(New York) - The UN General Assembly's unprecedented decision to suspend Libya's membership rights in the Human Rights Council (HRC) sends a strong message to those responsible for abuses in Libya that they will be held accountable, Human Rights Watch said today.
"The General Assembly's unprecedented action signals that Libya's assault on its own people needs to end," said Peggy Hicks, global advocacy director at Human Rights Watch. "Suspending Libya from the Human Rights Council puts Gaddafi and his cronies on notice that they will be held to account for attacking their people and denying their rights."
Lebanon led the move at the General Assembly on March 1, 2011, to suspend Libya's membership rights in the council based on its "gross and systematic violations of human rights." The draft resolution to suspend Libya had 72 co-sponsors, including numerous Arab and African states. The resolution was adopted by consensus, further underlining the General Assembly's strong signal to the Gaddafi regime.
In acting to suspend Libya's membership rights, the General Assembly joined the UN Security Council and the HRC itself, both of which have taken strong action on Libya in recent days. All three bodies have, however, been reluctant to engage strongly on other human rights situations requiring their attention, including those in Afghanistan, Belarus, Iran, and Zimbabwe, Human Rights Watch said.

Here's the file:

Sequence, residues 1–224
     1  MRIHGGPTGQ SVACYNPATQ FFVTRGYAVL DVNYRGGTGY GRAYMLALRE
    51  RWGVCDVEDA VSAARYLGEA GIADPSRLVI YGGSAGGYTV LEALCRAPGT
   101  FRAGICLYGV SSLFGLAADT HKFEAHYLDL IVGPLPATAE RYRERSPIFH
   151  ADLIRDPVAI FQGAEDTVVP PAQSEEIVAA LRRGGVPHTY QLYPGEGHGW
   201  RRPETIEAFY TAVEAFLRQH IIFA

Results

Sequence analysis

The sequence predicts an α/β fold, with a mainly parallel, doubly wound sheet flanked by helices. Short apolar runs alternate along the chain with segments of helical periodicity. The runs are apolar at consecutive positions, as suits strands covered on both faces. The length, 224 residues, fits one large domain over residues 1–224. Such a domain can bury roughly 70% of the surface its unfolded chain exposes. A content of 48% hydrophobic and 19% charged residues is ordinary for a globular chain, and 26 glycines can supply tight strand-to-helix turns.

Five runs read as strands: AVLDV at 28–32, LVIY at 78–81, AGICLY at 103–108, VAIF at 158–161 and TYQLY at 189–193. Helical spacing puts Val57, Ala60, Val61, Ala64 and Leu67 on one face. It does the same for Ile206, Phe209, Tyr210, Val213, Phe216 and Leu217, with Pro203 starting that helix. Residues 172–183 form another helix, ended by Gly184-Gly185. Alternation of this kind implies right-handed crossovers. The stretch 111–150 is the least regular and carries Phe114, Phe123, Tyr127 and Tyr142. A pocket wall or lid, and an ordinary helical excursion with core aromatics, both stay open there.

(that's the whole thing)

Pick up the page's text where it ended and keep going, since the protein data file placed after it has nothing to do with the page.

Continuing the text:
"The chorus of responses on Libya begs the question why abuses elsewhere go unchallenged by these same UN institutions," Hicks said. "The action on Libya should be a model for stronger engagement by UN bodies before a full-fledged human rights crisis develops."
The HRC was created by a General Assembly resolution adopted in 2006. That resolution provides that council members should "uphold the highest standards in the promotion and protection of human rights."
Regional groups of states commonly put forward for council membership only enough candidates to fill the open seats reserved for their region, however. Such slates strip that requirement of much of its meaning, Human Rights Watch said, as election of the candidates on the slate is almost guaranteed, regardless of their human rights records. The Africa group, which put forward Libya as one of its candidates in 2010, has offered such non-competitive slates virtually every year.
This destructive practice seems likely to continue in the elections scheduled for May 2011, as only the Eastern European and Latin American and Caribbean regions currently have more candidates than the number of seats allotted to them. The situation could yet change, however, as it did in 2007 when Bosnia and Herzegovina announced its candidacy only eight days before the elections, creating a competitive slate for the region and leading to Belarus's defeat.
"With HRC elections approaching, members of the General Assembly should be asking themselves why Libya was elected in the first place," Hicks said. "It's time for the General Assembly to take seriously the standards it set for membership on the Human Rights Council, and apply them to countries seeking to join the body in the future."